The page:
WASHINGTON, D.C. — Monday was the beginning of the national celebration of Constitution Week. The weeklong commemoration of America's most important document is one of the country's least known official observances.
WASHINGTON, D.C. — Monday was the beginning of the national celebration of Constitution Week. The weeklong commemoration of America’s most important document is one of the country’s least known official observances.
The Constitution stands as a testament to the tenacity of Americans throughout history to maintain their liberties and freedom, and to ensure those inalienable rights to every American.
The tradition of celebrating the Constitution was started many years ago by the Daughters of the American Revolution (DAR). In 1955, the Daughters petitioned Congress to set aside Sept. 17-23 annually to be dedicated for the observance of Constitution Week. The resolution was later adopted by the U.S. Congress and signed into Public Law No. 915 on Aug. 2, 1956, by President Dwight D. Eisenhower. The aims of the celebration are to emphasize citizens’ responsibilities for protecting and defending the Constitution, preserving it for posterity; inform the people that the Constitution is the basis for America’s great heritage and the foundation for our way of life; and encourage the study of the historical events which led to the framing of the Constitution in September 1787.
The United States of America functions as a Republic under the Constitution, which is the oldest document still in active use that outlines the self-government of a people. This landmark idea that men had the inalienable right as individuals to be free and live their lives under their own governance was the impetus of the American Revolution. Today, the Constitution stands as an icon of freedom for people around the world.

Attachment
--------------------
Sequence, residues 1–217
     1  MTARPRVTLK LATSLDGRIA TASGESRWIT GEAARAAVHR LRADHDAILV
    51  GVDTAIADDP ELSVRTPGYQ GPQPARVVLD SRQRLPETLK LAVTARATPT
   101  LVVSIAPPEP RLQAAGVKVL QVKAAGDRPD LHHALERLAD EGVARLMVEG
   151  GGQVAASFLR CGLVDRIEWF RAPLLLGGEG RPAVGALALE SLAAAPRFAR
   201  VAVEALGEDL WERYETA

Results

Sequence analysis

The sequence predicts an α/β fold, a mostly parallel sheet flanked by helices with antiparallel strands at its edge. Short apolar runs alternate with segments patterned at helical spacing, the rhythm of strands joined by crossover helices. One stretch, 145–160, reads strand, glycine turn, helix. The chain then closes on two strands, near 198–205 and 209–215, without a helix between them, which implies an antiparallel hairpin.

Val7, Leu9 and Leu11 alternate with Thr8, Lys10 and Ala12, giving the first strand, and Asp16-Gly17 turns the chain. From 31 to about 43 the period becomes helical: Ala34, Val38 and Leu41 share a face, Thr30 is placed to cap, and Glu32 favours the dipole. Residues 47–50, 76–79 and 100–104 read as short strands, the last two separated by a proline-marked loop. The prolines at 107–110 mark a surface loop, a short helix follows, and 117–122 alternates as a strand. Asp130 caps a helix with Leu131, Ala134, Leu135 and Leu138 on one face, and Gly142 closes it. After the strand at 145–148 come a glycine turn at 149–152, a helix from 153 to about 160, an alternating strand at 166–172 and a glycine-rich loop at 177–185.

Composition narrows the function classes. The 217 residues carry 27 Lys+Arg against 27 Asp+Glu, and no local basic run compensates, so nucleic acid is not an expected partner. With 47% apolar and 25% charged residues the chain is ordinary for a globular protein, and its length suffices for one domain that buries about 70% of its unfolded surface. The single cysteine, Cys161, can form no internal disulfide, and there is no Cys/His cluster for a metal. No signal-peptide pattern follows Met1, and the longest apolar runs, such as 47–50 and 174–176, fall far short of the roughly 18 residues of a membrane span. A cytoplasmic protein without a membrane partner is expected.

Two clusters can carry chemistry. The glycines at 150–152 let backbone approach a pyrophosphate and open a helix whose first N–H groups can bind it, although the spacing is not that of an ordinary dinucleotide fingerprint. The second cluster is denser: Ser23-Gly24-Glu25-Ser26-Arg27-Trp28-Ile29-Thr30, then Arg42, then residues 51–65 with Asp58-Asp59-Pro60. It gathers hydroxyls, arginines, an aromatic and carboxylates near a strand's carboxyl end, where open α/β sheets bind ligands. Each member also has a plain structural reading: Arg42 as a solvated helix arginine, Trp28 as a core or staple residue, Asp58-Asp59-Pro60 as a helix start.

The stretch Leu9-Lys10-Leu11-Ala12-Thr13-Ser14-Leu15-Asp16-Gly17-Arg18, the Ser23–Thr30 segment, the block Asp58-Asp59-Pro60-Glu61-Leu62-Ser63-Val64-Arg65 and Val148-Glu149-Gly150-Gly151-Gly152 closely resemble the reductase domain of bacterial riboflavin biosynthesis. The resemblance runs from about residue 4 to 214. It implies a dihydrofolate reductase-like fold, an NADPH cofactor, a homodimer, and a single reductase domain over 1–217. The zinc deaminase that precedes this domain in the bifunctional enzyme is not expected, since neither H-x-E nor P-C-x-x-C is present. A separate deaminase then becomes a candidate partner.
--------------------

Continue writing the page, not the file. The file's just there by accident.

“We must remember and teach that those who wrote the Constitution believed that no government can create freedom, but that government must guard freedom rather than encroach upon the freedoms of its people,” stated Merry Ann T. Wright, president general of the DAR. “The Constitution by itself cannot guarantee liberty. A nation’s people can remain free only by being responsible citizens who are willing to learn about the rights of each arm of government and require that each is accountable for its own function. Therefore, Constitution Week is the perfect opportunity to read and study this great document which is the safeguard of our American liberties. We encourage all citizens across the country to take time this week to guard that which is committed to us by our forefathers … our freedom.”
DAR has served America for 122 years as its foremost cheerleader. In 1928, the Daughters began work on a building as a memorial to the Constitution. John Russell Pope, architect of the Jefferson Memorial, was commissioned to design the performing arts center, known as DAR Constitution Hall. Today, DAR Constitution Hall is the only structure erected in tribute to the Constitution of the United States of America.
Known as the largest women’s patriotic organization in the world, DAR has over 165,000 members with approximately 3,000 chapters in all 50 states and 11 foreign countries. The DAR has long promoted patriotism through commemorative celebrations, memorials, scholarships and activities for children, and programs for new immigrants. For more information about DAR and its programs visit www.dar.org or call 202-628-1776.